Unusual car insurance question: where would I keep my car overnight?

Submitted: Sunday, Sep 11, 2011 at 20:46
ThreadID: 88965 Views:2265 Replies:7 FollowUps:1
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I just received a letter from my car insurer asking the address of where my car is kept overnight. Seems like a strange question to me. Wouldn't the car be kept where I live? Has anyone else been asked odd questions like this? Ahhh lucky I'm with ..whats her name.

cheers Kc
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Reply By: Notso - Sunday, Sep 11, 2011 at 20:48

Sunday, Sep 11, 2011 at 20:48
Most insurers I have used require the address where the car is garaged.

This allows them to apply the risk premium based on the respective rates of damage, theft etc in various localities around Aus.
AnswerID: 464747

Reply By: Road Warrior - Sunday, Sep 11, 2011 at 21:30

Sunday, Sep 11, 2011 at 21:30
Ring them up, they should already have this information when you took out the policy surely??
AnswerID: 464752

Reply By: Kimba10 - Sunday, Sep 11, 2011 at 22:22

Sunday, Sep 11, 2011 at 22:22
I wouldnt be replying by any letter, Id be ringing them direct to see what the go is. It is a question that they always ask but if you have a policy with them already then why they would be asking that now is a bit strange unless they think your trying to pull a swifty, like live in a high crime area which will increase your premium but have the vehicle insured at say mums address in a lower crime rate area ?? havnt just got divorced have you ?? things can get nasty lol only kidding...........
AnswerID: 464762

Reply By: Crackles - Sunday, Sep 11, 2011 at 23:14

Sunday, Sep 11, 2011 at 23:14
They need to know the usual address where it's parked & if it's left on the street, under a carport or locked in a garage to gauge the risk of it being stolen. No doubt some people insure their cars at a country address to keep premiums down while living in the city.
Cheers Craig...............
AnswerID: 464764

Follow Up By: Bill BD - Monday, Sep 12, 2011 at 08:50

Monday, Sep 12, 2011 at 08:50
A lot of country adresses are no cheaper. I live in a town where you could leave the keys in the ignition and not get it stolden but kangaroo risk keep my premiums right up there. These letters are pretty standard. I got one a few years back.
FollowupID: 738749

Reply By: Member - DAZA (QLD) - Monday, Sep 12, 2011 at 07:49

Monday, Sep 12, 2011 at 07:49
Most insurance companies ask for your Post Code.

We have a bulk insurance deal with several policies.

I enquired re: the Post Code and the reply was, our Post Code is in a severe Hail Damage area.

We are on the edge of a Rural Area and not to much crime occurs.

I agree, if in doubt phone them and ask for reasons.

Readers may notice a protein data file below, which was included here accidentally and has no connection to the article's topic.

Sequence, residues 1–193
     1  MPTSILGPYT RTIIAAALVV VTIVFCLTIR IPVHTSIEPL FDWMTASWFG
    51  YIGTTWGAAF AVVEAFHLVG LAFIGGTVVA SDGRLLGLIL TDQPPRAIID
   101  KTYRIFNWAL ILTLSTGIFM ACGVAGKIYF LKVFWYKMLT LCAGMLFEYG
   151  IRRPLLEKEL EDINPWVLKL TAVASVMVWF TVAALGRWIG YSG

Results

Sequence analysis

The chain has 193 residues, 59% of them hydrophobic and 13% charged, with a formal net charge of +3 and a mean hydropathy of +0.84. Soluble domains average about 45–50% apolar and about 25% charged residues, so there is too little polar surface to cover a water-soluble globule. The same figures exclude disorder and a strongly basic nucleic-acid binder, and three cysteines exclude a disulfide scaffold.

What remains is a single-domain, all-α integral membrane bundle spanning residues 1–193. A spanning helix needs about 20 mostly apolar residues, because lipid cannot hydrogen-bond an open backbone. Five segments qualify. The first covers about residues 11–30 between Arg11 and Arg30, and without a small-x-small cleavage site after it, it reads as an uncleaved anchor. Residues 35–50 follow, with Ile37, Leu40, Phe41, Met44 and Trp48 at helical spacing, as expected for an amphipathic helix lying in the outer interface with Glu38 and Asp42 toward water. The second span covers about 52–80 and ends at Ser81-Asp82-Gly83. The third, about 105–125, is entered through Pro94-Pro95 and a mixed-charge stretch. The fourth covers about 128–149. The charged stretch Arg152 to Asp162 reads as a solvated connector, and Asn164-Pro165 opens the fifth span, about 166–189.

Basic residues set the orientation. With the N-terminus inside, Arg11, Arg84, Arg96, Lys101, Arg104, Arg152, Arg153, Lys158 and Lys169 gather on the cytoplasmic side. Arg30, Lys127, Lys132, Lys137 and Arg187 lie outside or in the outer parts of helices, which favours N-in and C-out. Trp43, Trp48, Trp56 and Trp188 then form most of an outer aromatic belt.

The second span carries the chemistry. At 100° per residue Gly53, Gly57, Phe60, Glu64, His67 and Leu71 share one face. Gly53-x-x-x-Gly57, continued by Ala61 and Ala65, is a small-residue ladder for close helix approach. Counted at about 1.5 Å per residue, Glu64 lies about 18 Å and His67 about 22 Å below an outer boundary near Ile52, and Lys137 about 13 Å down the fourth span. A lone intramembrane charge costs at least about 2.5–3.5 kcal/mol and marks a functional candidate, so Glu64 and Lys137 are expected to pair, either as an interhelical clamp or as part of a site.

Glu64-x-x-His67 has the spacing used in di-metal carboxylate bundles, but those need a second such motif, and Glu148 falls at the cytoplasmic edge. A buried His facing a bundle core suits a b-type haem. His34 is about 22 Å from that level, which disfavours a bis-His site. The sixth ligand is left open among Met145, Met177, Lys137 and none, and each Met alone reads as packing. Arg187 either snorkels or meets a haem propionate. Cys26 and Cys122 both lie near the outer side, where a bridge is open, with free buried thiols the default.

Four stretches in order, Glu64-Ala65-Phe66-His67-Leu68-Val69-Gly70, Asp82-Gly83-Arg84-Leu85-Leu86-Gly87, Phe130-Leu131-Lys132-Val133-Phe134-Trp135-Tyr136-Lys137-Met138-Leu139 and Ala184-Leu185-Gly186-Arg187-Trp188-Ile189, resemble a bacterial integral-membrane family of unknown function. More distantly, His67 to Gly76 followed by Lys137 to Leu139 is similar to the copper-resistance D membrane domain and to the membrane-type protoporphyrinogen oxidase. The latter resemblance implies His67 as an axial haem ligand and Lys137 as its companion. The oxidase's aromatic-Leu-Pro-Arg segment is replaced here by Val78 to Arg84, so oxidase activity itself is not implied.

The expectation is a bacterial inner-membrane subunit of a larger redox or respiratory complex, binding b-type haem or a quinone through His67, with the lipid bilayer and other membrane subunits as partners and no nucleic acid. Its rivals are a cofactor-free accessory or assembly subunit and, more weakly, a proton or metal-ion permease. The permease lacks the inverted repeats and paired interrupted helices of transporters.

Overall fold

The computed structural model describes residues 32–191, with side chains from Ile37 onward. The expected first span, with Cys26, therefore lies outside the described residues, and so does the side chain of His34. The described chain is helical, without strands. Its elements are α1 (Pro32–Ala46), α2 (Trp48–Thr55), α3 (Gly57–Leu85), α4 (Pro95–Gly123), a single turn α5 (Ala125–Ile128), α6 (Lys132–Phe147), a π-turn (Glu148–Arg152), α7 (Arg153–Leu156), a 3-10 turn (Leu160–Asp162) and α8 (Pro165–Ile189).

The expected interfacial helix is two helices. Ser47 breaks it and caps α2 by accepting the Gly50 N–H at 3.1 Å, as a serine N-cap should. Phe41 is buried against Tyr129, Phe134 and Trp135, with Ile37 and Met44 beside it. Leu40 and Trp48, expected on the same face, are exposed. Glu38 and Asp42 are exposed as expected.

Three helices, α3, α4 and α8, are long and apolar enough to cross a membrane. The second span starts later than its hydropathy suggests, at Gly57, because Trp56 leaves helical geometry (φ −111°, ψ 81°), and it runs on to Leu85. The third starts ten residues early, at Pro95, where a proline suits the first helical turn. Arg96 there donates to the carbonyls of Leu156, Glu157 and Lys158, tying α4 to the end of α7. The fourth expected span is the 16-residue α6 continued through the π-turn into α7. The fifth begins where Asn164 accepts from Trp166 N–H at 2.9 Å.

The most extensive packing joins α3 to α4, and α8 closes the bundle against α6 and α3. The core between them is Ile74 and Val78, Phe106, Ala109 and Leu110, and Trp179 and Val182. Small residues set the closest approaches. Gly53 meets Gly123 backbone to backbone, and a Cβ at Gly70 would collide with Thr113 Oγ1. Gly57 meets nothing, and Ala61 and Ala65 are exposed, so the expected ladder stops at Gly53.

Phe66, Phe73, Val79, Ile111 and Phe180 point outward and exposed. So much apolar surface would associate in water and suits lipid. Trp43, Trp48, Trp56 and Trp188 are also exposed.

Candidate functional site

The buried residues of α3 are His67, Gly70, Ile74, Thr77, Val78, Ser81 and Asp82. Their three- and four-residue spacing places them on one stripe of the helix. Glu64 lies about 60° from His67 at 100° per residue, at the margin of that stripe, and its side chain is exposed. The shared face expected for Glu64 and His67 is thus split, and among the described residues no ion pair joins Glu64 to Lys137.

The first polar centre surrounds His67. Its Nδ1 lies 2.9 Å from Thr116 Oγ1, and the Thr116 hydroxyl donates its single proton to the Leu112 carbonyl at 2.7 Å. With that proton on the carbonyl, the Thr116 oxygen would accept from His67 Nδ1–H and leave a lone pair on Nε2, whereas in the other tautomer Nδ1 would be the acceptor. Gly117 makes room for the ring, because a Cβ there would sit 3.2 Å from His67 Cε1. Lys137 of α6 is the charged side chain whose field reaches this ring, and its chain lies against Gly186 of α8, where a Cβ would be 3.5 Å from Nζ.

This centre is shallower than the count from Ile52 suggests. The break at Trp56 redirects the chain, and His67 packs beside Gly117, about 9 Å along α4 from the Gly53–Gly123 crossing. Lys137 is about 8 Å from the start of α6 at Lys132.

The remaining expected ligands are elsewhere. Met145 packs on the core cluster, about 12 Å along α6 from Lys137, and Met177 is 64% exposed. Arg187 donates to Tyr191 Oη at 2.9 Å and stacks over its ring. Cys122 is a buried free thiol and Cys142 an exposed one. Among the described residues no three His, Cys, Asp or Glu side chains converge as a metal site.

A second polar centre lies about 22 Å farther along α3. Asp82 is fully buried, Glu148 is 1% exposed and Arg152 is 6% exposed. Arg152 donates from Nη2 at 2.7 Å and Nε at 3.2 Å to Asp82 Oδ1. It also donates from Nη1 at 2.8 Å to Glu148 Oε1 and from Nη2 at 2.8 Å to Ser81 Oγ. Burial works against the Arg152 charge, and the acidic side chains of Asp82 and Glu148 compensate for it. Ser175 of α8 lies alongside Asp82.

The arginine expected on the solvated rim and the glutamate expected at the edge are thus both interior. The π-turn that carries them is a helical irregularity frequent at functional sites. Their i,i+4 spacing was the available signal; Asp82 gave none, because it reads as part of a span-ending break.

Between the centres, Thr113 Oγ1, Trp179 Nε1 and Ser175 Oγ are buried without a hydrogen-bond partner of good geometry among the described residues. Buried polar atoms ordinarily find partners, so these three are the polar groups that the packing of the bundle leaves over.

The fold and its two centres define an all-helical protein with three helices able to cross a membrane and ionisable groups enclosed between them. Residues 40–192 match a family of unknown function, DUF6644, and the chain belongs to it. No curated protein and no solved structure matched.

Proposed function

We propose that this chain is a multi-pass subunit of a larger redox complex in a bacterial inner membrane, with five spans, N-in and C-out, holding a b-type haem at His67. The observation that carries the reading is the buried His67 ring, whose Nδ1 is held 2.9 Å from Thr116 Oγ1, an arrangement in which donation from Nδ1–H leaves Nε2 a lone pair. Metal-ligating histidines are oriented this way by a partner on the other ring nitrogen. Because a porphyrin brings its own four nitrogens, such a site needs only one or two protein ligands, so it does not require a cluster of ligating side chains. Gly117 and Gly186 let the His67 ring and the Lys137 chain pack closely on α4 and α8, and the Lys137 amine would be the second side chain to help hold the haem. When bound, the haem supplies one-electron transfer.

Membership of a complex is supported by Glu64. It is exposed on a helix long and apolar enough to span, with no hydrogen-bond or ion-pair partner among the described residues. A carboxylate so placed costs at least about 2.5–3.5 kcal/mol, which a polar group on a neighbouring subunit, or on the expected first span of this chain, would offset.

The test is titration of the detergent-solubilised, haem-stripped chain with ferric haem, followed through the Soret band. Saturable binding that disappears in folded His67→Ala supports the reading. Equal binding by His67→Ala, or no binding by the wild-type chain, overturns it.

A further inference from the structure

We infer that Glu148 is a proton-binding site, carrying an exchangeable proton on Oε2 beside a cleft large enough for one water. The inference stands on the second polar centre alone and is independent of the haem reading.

AnswerID: 464772

Reply By: olcoolone - Monday, Sep 12, 2011 at 09:25

Monday, Sep 12, 2011 at 09:25
The general insurance population are to blame for more and more questions getting asked.

Insurance premiums have decreased over the years per capita of claims due to people wanting cheaper insurance.

For insurance companies to compete, they have to lower their risk meaning they will ask more questions regarding the vehicle, the intended use, drivers and the owner.

We had a friend denied insurance due to the fact he had been bankrupt 6 years ago as an outcome from his marriage.

Don't be surprised in the near future if questions about your financial situation and stability are asked before insurance is granted or a claim paid.

And to those who will come back and say they won't give the insurance company this information..... looks like you will have no insurance.

AnswerID: 464777

Reply By: kidsandall - Monday, Sep 12, 2011 at 19:52

Monday, Sep 12, 2011 at 19:52
I raised this point a while ago in another thread where we were hit by another person and even though she had paid her premiums for a long time, her insurance company said she wasn't covered just cause she had a policy. They needed to check her details before approving she's covered. I questioned our insurance company and found some very interesting info. Just because you have a policy and pay a premium, it doesn'r mean your covered. For example, if your policy states the car is garaged and you leave it out for some reason and it is stolen you may not be covered. If your policy states you must have a clear driving record and you don't, you may not be covered. There are lots of clauses in the "fine" print of a policy that most people gloss over that could void their policy if the insurance company wanted to.
It may also be that the insurance company is auditing policies to ensure everything is correct and noticed they didn't have the garaged address, it may be an innocent request.

AnswerID: 464835

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